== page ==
Experiencing Identity Theft is not fun at all, but the good news is, there are simple steps you can take to protect yourself.
1. Shred it, Don’t Forget it
Paper checks can be easy to forget in the age of electronic transfers and debit cards, but they are still legal tender and can put you at risk for fraud. You should keep your checks in a safe place and always shred checks after an account is closed. Recently a Utah man found himself owing the Girl Scouts over $400 for an order of Girl Scout cookies that was fraudulently paid for with an old check he had thrown out from a closed account. After seven months the matter was cleared up, but that was a lot of stress he could have easily avoided by shredding his checks.
2. Upgrade Your Phone, Not Your Risk
Getting a new cell phone or other mobile device is fun, but don’t forget about your old device before you trade it in, sell it, donate it, or give it away. These used cell devices have become a target for identity theft because people often forget to remove personal information and files first. In addition to embarrassing photos ending up in a stranger’s hands, there is a real threat to your identity. Criminals may gain access to emails, invoices, texts, and work contacts which can all be used to steal your identity, and just generally invade your privacy.
To avoid this risk, always restore your device to factory setting and remove any SIM or storage cards. You can also search online for detailed instructions on how to manually delete all data from your specific model of phone.
3. Protect Your Information, Don’t Leave it in the Car
Cars are easy targets for criminals. You might think they just want cash or electronic devices, but this is also a great place to steal personal information to use in identity theft. Never leave your mail, invoices, smartphone, wallet, purse, or checkbook in the car. If a criminal does target your car, you will also have to deal with a broken window and/or other car repairs, and you will almost certainly be late for the rest of your plans that day. Avoid being targeted by parking in a well-lit, public area with nothing enticing in plain view.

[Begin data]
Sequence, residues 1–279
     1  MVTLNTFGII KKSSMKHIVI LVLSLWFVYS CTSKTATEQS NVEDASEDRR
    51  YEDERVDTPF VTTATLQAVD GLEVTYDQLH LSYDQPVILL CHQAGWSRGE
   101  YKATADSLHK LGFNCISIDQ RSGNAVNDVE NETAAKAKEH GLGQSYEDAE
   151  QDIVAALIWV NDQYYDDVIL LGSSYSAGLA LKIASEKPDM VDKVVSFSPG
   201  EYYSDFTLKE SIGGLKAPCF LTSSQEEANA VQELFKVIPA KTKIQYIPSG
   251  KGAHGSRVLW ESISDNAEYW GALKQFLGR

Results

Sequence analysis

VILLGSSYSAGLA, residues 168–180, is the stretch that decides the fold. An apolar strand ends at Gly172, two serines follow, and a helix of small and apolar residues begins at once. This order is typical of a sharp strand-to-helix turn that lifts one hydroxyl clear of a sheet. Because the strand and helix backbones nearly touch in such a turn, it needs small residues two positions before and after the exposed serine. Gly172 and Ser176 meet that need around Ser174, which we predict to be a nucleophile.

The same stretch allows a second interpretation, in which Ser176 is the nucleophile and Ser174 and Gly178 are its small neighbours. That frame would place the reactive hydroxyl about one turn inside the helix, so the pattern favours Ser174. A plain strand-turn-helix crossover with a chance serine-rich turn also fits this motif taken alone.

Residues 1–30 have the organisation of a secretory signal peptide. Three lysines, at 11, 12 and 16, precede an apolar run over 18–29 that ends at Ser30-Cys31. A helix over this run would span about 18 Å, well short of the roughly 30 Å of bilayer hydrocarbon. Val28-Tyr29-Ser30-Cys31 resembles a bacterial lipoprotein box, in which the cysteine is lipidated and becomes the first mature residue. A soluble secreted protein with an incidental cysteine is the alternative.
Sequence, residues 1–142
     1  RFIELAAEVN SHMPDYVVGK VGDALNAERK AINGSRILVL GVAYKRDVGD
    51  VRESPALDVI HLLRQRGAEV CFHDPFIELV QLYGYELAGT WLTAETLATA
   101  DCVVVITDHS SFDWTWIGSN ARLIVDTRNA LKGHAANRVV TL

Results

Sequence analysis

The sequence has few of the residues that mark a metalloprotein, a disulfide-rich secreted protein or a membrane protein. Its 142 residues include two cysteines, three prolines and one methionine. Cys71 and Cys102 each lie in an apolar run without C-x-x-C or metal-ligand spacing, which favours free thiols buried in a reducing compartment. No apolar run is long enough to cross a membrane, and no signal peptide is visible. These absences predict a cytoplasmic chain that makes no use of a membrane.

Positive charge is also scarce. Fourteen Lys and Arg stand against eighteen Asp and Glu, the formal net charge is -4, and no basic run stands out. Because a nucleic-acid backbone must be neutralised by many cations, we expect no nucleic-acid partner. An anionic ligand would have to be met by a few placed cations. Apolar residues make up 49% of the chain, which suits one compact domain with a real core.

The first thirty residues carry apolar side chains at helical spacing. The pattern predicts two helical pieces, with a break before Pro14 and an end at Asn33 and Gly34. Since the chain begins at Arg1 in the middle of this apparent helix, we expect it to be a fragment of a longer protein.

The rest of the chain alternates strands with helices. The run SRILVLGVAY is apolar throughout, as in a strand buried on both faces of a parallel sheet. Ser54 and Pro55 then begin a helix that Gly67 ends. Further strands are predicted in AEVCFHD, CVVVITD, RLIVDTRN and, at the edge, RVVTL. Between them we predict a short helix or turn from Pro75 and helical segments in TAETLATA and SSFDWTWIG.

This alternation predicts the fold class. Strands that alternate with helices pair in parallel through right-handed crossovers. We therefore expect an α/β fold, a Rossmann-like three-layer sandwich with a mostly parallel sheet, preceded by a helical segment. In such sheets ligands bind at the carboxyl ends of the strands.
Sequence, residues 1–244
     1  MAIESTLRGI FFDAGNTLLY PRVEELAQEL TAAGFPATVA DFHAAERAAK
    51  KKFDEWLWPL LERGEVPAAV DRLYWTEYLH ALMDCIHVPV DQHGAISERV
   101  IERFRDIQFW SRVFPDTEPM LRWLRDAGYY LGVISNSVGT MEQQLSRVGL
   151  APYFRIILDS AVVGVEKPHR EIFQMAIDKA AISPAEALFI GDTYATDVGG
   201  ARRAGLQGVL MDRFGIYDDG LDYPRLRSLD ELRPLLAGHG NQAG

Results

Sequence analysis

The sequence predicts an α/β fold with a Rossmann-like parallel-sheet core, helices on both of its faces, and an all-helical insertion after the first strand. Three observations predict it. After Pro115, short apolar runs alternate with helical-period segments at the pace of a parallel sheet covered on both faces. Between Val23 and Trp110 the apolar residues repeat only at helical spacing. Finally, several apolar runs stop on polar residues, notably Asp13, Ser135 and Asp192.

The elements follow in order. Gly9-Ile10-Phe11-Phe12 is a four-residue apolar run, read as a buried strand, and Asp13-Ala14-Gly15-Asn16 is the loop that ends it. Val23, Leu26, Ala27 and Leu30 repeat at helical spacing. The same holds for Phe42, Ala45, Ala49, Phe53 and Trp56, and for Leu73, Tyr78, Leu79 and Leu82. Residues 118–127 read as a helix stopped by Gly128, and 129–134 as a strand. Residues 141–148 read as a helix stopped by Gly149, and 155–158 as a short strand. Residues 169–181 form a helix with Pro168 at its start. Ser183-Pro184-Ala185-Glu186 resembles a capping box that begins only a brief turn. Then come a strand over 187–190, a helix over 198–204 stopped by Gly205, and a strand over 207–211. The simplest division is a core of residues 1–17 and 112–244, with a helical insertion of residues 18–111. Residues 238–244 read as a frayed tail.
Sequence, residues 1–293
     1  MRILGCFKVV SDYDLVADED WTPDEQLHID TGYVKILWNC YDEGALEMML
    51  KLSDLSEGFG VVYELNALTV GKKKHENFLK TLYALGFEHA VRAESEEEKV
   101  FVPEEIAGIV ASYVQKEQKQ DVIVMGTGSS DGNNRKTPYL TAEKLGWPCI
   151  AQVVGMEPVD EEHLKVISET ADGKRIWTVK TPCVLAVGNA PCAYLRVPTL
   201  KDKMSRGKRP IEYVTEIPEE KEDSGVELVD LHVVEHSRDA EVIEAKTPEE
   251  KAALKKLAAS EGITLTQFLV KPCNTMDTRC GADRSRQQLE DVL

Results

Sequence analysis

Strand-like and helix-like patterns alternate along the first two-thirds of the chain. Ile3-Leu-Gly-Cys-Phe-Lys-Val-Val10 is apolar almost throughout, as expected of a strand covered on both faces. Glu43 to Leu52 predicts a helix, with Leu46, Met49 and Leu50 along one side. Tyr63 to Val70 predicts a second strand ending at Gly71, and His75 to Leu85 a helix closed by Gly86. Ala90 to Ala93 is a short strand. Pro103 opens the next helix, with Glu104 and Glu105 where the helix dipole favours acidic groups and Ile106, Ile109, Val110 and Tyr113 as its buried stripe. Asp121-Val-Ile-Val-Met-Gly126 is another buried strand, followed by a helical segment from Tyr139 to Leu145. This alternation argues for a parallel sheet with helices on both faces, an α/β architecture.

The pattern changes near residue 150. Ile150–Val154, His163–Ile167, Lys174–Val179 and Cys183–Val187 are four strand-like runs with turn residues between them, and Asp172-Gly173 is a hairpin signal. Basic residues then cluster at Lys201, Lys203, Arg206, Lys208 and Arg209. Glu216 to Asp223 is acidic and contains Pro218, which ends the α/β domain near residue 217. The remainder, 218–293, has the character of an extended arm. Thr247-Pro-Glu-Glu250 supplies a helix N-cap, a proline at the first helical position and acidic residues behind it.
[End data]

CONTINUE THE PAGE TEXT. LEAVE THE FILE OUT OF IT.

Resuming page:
4. Improve Your Health, Not Your Stress
Thefts at your local gym happen more often than you may realize. Many people are so trusting of their environment, that they don’t even bother to lock up their valuables; they simply throw them in their locker and close the door. Even if they did use a lock, some criminals come prepared and easily break the lock. If you can leave your valuables at home, please do so, but if you must bring them to the gym, keep them with you. It’s a little annoying to keep your wallet or purse with you while you’re trying to work out, but it’s far less annoying than having to replace all of your credit cards and your identification.
5. Think Anti-Virus, Not “Remind Me Later”
A simple way to protect yourself from numerous types of fraud and identity theft is to keep your computer up-to-date. This includes anti-virus software, firewalls, and all of the programs that you use.
The most important thing to remember is to always stay aware of your surroundings, and while it may seem cold, assume anyone could be an identity thief. It’s great to be friendly and nice to strangers, but that doesn’t mean you have to trust them with your valuables.
For more information on avoiding fraud, please visit the Fraud Report page.